Mr. Milburn said that the arrests on Wednesday at the Rhodes Office Building came as the result of ADAPT members failing to clear the building. He said, "The weather was really bad, and we had four thousand state workers in the building. We were considering letting them go home early. We couldnít have them locked in during the storm." He said, "By the time ADAPT accepted a meeting and offered to leave the building, it was too late. The State Police had already begun making arrests and clearing the building. Milburn said that he was at the Rhodes Office Building and it did not look to him as if anyone meant to leave. He did say the doors to the building were not blocked.
Scott Milburn believes that an excellent opportunity was wasted. "The mood is sour around here now," he said. "We are willing to talk with a serious and substantive group, but ADAPT seems more interested in getting into the media than talking with us. The Governor is new. He doesnít have much background in these issues, but he wanted to listen. We are a large state, and we have a lot of issues. We have a lot of other things to do. We are not like other states where the Governor wouldnít listen. I donít think ADAPT has the tools to work with someone who wants to work with them. For now, the Governor will just go on to other issues.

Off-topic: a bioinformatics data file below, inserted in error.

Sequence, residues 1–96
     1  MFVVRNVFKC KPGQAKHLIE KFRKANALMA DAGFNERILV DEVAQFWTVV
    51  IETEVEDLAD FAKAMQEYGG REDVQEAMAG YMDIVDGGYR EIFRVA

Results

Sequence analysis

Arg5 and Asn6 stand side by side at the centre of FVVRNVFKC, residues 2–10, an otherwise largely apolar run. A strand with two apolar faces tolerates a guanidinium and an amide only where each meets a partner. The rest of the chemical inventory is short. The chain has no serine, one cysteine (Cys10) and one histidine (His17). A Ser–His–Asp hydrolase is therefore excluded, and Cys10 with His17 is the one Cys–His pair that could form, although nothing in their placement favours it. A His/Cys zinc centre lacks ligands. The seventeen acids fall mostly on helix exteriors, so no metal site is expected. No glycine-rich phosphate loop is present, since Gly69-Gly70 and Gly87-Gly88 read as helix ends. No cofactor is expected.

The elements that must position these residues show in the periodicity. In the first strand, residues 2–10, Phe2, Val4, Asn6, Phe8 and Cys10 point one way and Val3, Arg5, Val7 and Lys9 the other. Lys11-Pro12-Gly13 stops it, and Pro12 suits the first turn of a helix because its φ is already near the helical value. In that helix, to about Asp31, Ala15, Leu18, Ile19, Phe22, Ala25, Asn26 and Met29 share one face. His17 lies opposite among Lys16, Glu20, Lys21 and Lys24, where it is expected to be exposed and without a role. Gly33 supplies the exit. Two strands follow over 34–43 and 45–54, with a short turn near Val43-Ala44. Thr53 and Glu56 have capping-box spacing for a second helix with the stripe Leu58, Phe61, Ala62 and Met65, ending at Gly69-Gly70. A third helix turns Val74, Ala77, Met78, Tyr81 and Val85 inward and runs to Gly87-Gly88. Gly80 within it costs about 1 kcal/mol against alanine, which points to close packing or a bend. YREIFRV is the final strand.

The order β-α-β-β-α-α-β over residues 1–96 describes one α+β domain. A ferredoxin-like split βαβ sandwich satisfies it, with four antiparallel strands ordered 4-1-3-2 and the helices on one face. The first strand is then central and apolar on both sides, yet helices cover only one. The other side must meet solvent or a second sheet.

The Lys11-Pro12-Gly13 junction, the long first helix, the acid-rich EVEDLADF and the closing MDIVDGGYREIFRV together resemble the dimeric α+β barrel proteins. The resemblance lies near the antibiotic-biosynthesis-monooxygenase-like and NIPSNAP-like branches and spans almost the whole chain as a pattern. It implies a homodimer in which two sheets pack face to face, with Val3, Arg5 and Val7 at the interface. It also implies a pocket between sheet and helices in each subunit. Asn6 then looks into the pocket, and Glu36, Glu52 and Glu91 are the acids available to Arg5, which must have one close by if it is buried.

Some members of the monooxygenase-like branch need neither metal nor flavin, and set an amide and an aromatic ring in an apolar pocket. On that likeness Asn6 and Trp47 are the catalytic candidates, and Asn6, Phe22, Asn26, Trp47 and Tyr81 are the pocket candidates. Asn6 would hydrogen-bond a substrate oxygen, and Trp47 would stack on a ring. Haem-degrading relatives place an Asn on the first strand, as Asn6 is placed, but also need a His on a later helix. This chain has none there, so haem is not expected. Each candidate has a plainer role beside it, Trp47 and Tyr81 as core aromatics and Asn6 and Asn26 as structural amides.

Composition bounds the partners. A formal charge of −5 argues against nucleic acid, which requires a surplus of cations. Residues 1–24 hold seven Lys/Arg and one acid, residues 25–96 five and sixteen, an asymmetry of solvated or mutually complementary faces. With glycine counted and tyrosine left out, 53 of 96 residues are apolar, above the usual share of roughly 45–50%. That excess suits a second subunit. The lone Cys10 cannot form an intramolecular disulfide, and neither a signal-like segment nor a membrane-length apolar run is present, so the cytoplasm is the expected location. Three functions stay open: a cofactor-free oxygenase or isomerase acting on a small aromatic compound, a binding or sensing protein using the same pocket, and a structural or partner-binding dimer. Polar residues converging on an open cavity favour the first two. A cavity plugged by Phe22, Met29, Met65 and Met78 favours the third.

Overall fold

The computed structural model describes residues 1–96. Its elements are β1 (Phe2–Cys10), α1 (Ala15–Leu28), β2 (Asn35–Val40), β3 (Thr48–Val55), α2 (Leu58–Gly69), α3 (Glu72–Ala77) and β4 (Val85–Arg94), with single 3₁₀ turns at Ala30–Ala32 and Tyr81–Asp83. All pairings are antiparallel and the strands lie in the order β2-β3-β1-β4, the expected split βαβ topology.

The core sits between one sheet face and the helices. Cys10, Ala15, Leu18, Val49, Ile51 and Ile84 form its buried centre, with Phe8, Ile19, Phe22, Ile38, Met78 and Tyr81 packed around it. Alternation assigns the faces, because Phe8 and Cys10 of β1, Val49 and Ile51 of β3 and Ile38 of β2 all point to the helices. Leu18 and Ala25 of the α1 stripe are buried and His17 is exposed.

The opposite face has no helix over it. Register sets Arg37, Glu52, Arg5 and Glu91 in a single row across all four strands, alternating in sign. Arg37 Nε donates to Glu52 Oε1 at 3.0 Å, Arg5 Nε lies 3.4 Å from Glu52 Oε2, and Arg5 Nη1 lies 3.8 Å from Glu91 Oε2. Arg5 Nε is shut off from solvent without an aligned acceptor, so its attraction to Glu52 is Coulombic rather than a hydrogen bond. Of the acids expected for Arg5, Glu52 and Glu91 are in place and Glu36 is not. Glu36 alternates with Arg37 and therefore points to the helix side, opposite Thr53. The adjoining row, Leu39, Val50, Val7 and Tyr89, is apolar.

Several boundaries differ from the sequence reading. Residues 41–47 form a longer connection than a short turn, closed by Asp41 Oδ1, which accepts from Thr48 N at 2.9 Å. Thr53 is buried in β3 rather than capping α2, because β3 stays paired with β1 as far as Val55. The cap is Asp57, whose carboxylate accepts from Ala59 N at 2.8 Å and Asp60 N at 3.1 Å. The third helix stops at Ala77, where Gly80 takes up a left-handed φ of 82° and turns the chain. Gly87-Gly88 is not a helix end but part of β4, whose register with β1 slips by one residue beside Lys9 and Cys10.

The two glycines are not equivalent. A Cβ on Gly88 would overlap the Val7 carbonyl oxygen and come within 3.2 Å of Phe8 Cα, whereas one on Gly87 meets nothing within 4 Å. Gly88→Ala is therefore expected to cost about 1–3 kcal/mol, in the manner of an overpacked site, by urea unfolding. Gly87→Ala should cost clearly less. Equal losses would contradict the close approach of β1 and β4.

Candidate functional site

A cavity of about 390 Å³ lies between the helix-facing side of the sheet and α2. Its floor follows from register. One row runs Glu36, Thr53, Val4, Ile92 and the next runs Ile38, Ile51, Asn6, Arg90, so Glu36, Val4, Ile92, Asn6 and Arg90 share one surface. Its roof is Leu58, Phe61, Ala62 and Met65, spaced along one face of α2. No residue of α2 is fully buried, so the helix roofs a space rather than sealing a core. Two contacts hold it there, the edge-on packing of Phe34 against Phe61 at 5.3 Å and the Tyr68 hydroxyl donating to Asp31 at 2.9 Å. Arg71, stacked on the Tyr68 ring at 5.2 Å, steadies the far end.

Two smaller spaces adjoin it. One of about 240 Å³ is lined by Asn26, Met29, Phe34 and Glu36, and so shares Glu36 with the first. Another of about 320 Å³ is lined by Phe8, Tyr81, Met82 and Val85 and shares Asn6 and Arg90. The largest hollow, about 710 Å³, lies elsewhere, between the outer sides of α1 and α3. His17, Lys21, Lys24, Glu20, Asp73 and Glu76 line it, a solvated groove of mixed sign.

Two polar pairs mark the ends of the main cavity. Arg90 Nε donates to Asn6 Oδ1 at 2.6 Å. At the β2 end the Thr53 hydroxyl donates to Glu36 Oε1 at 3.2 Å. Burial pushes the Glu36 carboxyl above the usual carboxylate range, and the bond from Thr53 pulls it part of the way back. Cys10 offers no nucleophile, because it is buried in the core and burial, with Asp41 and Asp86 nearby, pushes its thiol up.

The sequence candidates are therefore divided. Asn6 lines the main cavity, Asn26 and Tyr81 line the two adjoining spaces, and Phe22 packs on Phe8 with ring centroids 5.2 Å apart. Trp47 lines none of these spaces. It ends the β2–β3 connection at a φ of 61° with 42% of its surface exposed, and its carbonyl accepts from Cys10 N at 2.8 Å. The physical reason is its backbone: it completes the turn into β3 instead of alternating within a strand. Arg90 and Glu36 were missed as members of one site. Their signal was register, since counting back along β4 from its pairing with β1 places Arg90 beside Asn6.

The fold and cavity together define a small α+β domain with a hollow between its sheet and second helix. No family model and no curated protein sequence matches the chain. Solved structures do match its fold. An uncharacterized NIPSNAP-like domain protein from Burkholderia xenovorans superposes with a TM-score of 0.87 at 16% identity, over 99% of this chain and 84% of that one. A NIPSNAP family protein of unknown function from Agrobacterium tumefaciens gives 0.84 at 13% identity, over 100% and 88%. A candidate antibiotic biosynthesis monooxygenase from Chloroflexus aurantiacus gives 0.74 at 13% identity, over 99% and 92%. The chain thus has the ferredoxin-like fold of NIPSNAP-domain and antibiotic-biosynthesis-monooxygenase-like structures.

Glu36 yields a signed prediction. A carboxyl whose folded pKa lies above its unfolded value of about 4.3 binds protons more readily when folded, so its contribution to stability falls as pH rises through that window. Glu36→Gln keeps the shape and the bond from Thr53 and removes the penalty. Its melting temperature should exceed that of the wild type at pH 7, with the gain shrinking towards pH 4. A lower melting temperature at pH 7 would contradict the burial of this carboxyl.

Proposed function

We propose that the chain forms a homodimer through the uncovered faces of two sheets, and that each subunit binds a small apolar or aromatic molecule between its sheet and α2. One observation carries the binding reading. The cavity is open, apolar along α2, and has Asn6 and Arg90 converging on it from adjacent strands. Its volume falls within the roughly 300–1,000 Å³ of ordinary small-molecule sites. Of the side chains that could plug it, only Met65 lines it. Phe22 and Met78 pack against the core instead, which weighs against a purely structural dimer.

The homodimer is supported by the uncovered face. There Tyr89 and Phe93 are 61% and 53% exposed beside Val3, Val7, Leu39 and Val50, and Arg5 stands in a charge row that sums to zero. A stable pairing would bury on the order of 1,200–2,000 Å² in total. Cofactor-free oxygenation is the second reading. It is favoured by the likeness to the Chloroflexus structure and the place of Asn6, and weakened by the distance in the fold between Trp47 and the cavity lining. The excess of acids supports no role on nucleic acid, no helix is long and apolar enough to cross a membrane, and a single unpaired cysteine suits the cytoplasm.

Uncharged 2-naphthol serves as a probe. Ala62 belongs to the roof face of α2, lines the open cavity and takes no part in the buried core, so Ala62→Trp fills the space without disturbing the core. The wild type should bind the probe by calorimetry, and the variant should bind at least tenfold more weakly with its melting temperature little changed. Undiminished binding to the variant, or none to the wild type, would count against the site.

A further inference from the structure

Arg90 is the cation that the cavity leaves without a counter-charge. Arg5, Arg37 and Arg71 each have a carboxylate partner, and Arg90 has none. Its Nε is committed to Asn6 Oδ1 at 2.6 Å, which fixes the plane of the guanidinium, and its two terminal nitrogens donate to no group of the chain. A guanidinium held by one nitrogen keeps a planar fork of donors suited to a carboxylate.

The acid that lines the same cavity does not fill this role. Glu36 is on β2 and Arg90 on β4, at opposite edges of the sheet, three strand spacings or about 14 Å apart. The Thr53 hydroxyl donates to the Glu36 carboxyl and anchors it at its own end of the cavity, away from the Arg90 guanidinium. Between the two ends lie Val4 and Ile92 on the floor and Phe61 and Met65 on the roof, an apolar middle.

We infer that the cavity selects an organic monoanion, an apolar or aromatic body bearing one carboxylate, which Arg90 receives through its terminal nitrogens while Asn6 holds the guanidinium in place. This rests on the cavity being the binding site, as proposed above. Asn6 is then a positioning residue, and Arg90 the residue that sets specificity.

But Shona Eakin, ADAPT contact person in Toledo, and Director of Advocacy for the Ability Independent Living Center, tells a different story. "My husband has Muscular Dystrophy, and heís on a ventilator. I am physically disabled. I use a wheelchair, and I cannot stand. We depend on personal care assistants every day of our lives. On December 4, we were scheduled to have an aide come into our home at noon and help us through the afternoon and evening. That aide did not arrive until eleven p.m. I did what I could to help my husband, but he would not take his medication because it makes him need to use the restroom. People who have not lived in our situation donít understand what it is like to have to depend on a system that is broken. The home healthcare system in Ohio is broken."